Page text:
*Seek out white space—whenever possible. Many times you ‘report’ through exposition what is said, when the actual dialog might be the better choice. This rule comes from too many sources to name. Mark Nieson lays out his pages on the floor, stands on a chair, and takes a look at the physical black and white on the pages, Darcy Patterson (sp) recommends the shrunken manuscript, i.e. literally shrink your manuscript to 20% or less and look at the black and white on your printed pages. Myself, I like easy and am occasionally OCD, I highlighted dialog one color, exposition another, and then I shrank it on the monitor. I mean WOW! Too much one color—get busy! You double click on the culprit and fix it, then shrink it down and move to the next. Shrinking gives you tons of pages on your monitor to see at once.
*Seek Out the long sentence. 90%, or what feels like 90%, of revision is tighten, tighten, tighten. One trick that I learned was to look for them. (Yes, I highlighted them and researched where and why I used them. I even shrunk the manuscript to see their positioning. Then I reviewed the best novels I had on hand to see how they used them. Meg Roskoff uses the most beautiful long sentences to end her chapters.
Long sentences can be beautiful and elegant; they can be the signature of an excellent writer.<--yes, I love this sentence that I wrote. (I took a long sentence Univ. of IA Great Courses class on the subject.) My take in YA, use long sentences as a contrast for emphasis, not as routine practice. In YA, use them when you can truly construct that beautiful, perfect, well-written sentence, but don’t lie to yourself about the quality. Edit 90% of long sentences to the core reason for it to have been written.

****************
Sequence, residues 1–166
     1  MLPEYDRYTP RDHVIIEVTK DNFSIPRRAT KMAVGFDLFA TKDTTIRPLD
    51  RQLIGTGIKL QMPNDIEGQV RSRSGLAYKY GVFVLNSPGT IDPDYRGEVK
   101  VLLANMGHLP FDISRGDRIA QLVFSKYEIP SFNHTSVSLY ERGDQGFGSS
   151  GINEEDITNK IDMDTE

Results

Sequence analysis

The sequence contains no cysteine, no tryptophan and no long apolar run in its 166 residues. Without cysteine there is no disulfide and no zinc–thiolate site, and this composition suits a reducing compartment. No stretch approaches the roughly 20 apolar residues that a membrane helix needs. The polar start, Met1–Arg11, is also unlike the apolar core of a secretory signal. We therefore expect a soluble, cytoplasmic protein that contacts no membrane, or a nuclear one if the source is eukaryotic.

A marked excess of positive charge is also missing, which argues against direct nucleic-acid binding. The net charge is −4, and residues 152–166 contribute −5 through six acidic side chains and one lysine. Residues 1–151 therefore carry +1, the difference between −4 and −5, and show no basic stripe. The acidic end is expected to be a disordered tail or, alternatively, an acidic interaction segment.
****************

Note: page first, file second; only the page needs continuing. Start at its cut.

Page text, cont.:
*’ly’ adverbs-never use them. (Yet, remember, there are no nevers in writing!  ) Learned from Brett Anthony Johnston, Harvard-creative writing & also Browne & King, Self-editing for Fiction Writers –As Brett said, when you use ‘ly’ adverbs, you haven’t found the right verb.
*Avoid re-capping at the end of a paragraph. Either you wrote it well the first time, making the re-cap un-nesessary, or you didn’t. Trust your writing. Trust your reader. Then keep your main character from re-capping inside the paragraph or in dialog.
*Pimp the senses--all the time. Use them to further plot, character and to set the scene. I took a workshop at Univ. of IA with Mark Nieson and spent an entire year exploring ‘how to write with senses’. Time well spent.
*Know when you write tension, and then don’t stomp on it with extemporaneous exposition—simply nail it. Yeah, this one is actually mine, probably borrowed from my debater coach daughter. I’m defining tension as applicable to romance, to action, and to high emotion packed scenes.
*Every chapter, every paragraph, every sentence, and every word has to earn its place in your writing. Better yet, scenes must earn that right for two, three, even better four or more reasons that further your plot/character. If they don’t cut them. This is an old and tried rule. Even elegant exposition is only good if it is there for a reason. Literally ask, ‘how does this sentence meet the goal of this scene?’ And ask it for every sentence. If it doesn’t, then you have to pull it or edit it to do so. Or with your historical information that you wish to impart, you must tie it to furthering the plot.